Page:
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Cities are raucous, cacophonous, and complex. Many dimensions of life play out and conflict across cities' intricate landscapes, be they political, cultural, economic, or social. Urban policy makers and analysts often attempt to "cut through the noise" of urban disagreement by emphasizing a dominant lens for understanding the key, central logic of the city. How To Think About Cities sees this tendency to selective vision as misleading and ultimately unjust: cities are many things at once to different people and communities.
This book describes the various ways of seeing the functions and landscapes of the city as place frames, and the constant process of negotiating which place frames best explain the city as place-making. Martin and Pierce call for an explicitly hybrid perspective that shifts between many different frames for making sense of cities. This approach highlights how any given stance opens up some lines of inquiry and understanding while closing off others. Thinking of cities as sites of contested perspectives promotes a synthetic approach to urban analysis that emphasizes difference and political possibility.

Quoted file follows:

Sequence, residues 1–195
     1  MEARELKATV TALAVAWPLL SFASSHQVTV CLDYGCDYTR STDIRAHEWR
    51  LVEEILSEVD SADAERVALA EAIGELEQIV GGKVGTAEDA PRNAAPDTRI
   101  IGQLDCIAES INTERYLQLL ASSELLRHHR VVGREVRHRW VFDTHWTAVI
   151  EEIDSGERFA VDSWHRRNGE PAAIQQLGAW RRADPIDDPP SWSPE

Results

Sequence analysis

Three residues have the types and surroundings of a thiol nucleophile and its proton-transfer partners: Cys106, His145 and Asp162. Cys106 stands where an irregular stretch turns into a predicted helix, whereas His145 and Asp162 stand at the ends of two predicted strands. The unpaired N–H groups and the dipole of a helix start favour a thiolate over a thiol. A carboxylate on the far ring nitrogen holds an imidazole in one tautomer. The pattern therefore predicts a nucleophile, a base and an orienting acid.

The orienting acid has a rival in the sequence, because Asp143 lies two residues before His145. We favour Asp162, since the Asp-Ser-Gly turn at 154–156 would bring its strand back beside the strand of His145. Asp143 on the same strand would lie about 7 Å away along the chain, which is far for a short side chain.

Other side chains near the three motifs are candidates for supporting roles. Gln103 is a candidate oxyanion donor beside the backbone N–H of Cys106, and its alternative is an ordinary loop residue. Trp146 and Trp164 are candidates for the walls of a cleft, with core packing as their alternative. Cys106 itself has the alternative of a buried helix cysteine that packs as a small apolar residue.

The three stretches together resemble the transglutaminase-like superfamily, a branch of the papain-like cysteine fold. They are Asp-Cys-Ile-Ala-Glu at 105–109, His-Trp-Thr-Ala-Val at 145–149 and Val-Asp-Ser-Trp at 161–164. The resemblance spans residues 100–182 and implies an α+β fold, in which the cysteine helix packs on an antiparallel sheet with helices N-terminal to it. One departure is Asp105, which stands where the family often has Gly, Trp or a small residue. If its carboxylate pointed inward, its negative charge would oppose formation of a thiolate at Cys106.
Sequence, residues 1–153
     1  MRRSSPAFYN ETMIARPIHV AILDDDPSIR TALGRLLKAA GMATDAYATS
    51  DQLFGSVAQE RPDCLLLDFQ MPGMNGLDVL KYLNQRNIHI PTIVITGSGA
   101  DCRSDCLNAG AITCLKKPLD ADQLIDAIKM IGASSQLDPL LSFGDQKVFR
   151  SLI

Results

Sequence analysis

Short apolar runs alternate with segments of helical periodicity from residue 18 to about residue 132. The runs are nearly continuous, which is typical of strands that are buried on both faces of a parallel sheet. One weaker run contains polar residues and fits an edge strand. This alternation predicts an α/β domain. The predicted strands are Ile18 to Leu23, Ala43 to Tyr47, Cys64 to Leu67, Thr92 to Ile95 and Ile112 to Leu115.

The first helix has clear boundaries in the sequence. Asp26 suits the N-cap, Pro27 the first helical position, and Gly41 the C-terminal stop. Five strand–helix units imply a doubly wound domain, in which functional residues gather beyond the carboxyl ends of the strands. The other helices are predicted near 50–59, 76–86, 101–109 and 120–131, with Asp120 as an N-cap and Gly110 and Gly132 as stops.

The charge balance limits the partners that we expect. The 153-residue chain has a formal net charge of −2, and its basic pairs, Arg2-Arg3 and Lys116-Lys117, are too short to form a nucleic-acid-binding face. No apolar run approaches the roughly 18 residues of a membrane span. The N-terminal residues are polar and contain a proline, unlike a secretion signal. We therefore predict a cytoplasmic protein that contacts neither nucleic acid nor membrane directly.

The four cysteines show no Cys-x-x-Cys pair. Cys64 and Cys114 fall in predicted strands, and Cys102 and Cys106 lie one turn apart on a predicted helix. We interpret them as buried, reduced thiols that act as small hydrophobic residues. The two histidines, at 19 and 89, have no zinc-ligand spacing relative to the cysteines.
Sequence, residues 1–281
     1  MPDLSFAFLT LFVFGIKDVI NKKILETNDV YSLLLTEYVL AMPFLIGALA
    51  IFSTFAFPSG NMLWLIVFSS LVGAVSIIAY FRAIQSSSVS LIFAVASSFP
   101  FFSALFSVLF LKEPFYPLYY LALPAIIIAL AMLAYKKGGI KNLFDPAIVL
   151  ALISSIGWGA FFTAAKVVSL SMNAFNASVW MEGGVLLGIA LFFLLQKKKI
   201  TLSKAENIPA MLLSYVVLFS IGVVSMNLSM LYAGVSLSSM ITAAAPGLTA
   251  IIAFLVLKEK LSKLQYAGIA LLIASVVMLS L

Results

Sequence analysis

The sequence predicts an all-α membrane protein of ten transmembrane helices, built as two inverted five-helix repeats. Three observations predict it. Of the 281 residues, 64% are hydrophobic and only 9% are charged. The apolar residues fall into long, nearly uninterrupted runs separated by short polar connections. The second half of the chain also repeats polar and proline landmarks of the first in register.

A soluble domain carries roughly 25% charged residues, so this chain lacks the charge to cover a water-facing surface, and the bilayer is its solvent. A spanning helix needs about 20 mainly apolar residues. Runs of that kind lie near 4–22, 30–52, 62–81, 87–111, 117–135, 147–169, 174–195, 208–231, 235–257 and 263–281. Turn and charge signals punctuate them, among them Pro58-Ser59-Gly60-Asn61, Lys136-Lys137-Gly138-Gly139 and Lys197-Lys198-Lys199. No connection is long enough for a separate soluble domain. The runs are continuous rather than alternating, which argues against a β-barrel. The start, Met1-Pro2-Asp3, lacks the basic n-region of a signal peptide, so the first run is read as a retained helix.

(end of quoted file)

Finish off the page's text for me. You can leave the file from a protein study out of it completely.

This mosaic view of the city will be a welcome read for those within urban studies, geography, and social sciences exploring the many faces of urban life.